Russia 'unleashes chemical weapons on Mariupol'

Russia ‘unleashes chemical weapons on Mariupol’: Brave defenders claim they are suffering with breathing issues and dizziness as the besieged city’s mayor reveals more than 10,000 civilians have died so far

  • Unverified reports say unidentified agent dropped on city from a Russian drone
  • Claim from Azov Regiment says troops are suffering with ‘respiratory failure’
  • Mariupol has been focal point of Russian attack with 10,000 civilian deaths so far
  • Comes after MoD warned yesterday deadly phosphorus bombs could be used

Russia has ‘unleashed chemical weapons on Mariupol’ with Ukrainian troops reporting they are suffering breathing issues and dizziness – as the besieged port city’s mayor reveals more than 10,000 civilians have died in the conflict so far.

The unidentified agent is said to have been dropped on the city from a Russian drone, according to unverified reports from the city’s Azov regiment.

Details of the assault, via the Telegram messaging app, say a ‘poisonous substance of unknown origin’ has led to the city’s defenders suffering from symptoms including breathing issues, ‘respiratory failure’ and ‘vestibulo-atactic syndrome’.  

The alleged attack came just hours after a pro-Russian general in Donbas appeared to promote the idea of using chemical weapons, telling state media it would ‘smoke the Ukrainian moles out of the underground’.

It also follows a warning from the Ministry of Defence yesterday suggesting that Russia could turn to the use of a deadly phosphorus bombs amid attempts to finally break heroic resistance in Mariupol.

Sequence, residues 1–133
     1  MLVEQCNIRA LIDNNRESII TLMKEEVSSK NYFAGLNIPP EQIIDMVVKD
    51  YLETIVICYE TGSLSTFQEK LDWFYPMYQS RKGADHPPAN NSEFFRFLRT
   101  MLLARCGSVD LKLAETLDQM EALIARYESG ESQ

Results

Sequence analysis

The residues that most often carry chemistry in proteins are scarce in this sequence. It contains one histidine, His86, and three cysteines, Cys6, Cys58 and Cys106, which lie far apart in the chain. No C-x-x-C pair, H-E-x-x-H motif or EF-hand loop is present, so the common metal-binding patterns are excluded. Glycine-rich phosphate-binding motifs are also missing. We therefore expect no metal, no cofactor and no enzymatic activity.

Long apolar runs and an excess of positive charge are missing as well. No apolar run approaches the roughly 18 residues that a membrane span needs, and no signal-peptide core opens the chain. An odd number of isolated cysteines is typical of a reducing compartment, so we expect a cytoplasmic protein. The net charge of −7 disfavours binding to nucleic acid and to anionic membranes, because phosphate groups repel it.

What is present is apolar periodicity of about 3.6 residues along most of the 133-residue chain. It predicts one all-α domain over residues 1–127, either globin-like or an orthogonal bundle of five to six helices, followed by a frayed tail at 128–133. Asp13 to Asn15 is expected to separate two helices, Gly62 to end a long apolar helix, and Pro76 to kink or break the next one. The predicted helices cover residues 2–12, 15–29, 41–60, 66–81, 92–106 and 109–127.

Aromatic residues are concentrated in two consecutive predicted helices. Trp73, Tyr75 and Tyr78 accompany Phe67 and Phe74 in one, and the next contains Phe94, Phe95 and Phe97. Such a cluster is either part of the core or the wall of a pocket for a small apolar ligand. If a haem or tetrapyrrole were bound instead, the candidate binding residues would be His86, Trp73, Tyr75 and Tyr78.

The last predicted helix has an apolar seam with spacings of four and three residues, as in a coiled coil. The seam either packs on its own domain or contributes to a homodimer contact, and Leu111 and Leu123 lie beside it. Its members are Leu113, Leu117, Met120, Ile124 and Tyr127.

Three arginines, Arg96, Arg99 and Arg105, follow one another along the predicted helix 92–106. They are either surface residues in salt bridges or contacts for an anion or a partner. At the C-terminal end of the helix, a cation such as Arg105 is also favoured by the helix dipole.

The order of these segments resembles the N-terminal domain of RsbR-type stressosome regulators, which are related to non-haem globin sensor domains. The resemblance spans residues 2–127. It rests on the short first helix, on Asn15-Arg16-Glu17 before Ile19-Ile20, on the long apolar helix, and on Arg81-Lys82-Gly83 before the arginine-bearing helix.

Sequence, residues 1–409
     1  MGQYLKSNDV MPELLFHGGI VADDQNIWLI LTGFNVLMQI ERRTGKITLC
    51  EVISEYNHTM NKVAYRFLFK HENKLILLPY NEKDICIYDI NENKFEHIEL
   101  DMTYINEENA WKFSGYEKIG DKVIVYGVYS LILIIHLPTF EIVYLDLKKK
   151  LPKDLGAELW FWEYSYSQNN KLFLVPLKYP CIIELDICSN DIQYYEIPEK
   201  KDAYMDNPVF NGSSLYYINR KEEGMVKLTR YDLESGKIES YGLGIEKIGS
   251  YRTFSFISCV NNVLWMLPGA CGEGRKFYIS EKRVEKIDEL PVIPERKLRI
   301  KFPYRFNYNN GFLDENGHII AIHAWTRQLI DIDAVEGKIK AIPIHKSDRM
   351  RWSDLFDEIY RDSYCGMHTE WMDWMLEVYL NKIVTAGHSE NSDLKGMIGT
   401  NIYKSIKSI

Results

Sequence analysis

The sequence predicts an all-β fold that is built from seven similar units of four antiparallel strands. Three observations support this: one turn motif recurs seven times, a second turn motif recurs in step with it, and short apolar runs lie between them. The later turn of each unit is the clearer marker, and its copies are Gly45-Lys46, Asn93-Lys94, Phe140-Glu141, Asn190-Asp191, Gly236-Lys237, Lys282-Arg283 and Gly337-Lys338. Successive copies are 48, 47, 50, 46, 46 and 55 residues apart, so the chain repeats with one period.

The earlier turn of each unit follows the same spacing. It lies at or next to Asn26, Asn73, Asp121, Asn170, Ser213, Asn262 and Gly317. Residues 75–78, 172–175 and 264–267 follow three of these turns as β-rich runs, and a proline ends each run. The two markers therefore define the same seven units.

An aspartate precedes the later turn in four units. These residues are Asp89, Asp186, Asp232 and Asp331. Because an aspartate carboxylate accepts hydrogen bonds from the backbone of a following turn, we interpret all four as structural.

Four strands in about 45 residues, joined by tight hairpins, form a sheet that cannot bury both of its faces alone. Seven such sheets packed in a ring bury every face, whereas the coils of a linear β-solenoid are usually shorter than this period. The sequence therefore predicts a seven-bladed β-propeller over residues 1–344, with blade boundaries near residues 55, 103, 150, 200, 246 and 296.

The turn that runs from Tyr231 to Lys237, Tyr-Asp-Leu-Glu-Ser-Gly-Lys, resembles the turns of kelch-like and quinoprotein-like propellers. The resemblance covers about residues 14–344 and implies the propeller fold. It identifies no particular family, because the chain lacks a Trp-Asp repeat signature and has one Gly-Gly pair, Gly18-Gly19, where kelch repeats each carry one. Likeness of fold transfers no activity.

The port city has seen the most intense fighting since the Kremlin launched its attack on Ukraine and has suffered more than 10,000 civilian deaths to date, according to its mayor Vadym Boychenko.

He also warned the toll could rise beyond 20,000 and claimed Russian forces are bringing mobile cremation equipment into the city to dispose of bodies.

The mayor’s comments emerged as Russia claimed it destroyed several Ukrainian air-defence systems in what appeared to be a renewed push to gain air superiority and take out weapons described as crucial ahead of what is expected to be a broad new offensive in the east.

Emergency workers remove debris of a building destroyed in the course of the Ukraine-Russia conflict, in the southern port city of Mariupol on Sunday

An armoured vehicle of pro-Russian troops is seen in the street of Mariupol as a fire rages in the background

Graves of civilians killed during Ukraine-Russia conflict are seen next to apartment buildings in Mariupol on Sunday

Service members of pro-Russian troops pictured driving an armoured vehicle in the besieged city of Mariupol

Ukrainian marines have already said they are preparing for a ‘last battle’ to control Mariupol after being surrounded by invading Russian forces.

The 36th marine brigade of the Ukrainian armed forces said on Facebook that anyone whose limbs have not been torn off will be ordered to fight, and battles are currently being carried out by cooks, drivers and musicians.

They said earlier today: ‘Today will probably be the last battle, as the ammunition is running out.